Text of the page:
The FDA recommends the laboratory supervisor discuss the test method with the laboratory analyst; confirm the laboratory analyst’s knowledge of and performance of the test procedure; examine the raw data obtained in the analysis; identify anomalous or suspect information; verify that the calculations used to convert raw data values into a final test result are appropriate and correct; determine whether unauthorized or unvalidated changes have been made to automated calculation methods; confirm the performance of the instruments; determine that the appropriate reference standards, solvents, reagents, and other solutions were used and that they met preestablished specifications; evaluate the performance of the test method to ensure that it is performing based on method validation data and historical data; and fully document and preserve records of this laboratory assessment.

The laboratory supervisor’s assignment of a root cause for OOS results is facilitated when the retained sample preparations and retained solutions are examined promptly.

The laboratory supervisor should be aware of trends regarding laboratory errors. Frequent laboratory errors suggest problems including inadequate training of laboratory analysts, poorly maintained or improperly calibrated equipment, or careless work. An increase in the frequency of laboratory errors should be a cause for concern and escalated to top management. The laboratory error rate is a typical metric discussed during management review. OOS test results should never be attributed to analytical error without completing a comprehensive investigation that clearly establishes a laboratory root cause.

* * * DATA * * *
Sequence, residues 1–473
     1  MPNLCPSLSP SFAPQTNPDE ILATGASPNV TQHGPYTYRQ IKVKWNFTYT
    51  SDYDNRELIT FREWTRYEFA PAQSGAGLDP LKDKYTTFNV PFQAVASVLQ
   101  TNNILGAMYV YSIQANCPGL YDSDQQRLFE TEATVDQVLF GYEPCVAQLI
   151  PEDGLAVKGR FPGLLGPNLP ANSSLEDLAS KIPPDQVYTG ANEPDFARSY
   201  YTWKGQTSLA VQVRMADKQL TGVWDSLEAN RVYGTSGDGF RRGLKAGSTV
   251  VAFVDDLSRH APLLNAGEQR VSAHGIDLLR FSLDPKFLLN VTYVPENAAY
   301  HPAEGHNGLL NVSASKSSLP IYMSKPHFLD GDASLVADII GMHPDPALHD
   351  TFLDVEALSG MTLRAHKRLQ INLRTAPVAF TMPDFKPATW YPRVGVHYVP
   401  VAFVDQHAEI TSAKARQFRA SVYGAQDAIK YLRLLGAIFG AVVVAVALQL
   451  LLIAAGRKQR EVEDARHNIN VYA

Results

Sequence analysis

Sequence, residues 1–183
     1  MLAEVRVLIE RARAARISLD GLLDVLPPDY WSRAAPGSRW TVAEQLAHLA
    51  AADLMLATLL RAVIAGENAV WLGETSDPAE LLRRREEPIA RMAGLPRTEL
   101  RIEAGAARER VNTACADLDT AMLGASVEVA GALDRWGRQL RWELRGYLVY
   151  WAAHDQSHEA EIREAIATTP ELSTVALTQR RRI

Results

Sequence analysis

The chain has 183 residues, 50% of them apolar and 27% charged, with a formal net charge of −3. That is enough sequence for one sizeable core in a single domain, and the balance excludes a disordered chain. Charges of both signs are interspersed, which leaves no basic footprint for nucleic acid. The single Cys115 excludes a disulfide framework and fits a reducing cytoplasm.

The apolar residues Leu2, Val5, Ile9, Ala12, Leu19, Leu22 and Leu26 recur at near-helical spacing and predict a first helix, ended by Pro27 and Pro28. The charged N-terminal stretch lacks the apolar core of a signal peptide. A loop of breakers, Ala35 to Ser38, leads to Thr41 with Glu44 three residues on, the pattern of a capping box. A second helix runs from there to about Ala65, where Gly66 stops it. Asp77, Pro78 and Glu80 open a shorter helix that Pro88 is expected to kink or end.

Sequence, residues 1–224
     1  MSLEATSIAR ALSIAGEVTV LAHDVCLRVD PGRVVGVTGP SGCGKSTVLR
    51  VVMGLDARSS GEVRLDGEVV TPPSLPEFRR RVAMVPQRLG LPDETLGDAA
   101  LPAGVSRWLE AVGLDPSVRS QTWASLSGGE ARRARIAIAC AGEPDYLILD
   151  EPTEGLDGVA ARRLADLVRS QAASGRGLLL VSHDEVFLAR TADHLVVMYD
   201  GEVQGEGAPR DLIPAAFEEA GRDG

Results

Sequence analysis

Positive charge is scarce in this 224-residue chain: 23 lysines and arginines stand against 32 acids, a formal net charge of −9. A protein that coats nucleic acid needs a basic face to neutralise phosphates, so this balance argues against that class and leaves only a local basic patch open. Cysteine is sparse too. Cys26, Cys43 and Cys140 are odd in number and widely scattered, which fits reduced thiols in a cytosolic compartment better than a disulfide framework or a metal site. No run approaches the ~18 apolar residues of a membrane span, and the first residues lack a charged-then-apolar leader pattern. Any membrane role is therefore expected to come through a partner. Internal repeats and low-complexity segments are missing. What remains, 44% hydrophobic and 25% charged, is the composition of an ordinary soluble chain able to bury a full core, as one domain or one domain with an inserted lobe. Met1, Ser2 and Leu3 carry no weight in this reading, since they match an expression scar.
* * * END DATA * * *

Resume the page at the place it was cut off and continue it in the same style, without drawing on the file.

Phase II: Full-Scale OOS Investigations

When laboratory error is determined not to have contributed to the OOS result, and testing results appear to be accurate, a Phase II full-scale OOS investigation should be conducted using a preestablished procedure. A Phase II full-scale investigation should include a review of production and sampling procedures, which may require additional laboratory testing and an evaluation of the OOS result(s) on distributed batches.

The QU should lead the investigation and involve all other departments that could potentially be implicated, such as manufacturing (including contracted off-site manufacturing), process development, maintenance, and engineering.

A Phase II full-scale OOS investigation should consist of a comprehensive, well-documented review. The review should include a clear statement of the reason for the investigation; a summary of the aspects of the manufacturing process that may have caused the problem; the results of a documentation review, with the assignment of actual or probable cause; the results of a review to determine if the problem has occurred previously; and a description of any corrective actions taken.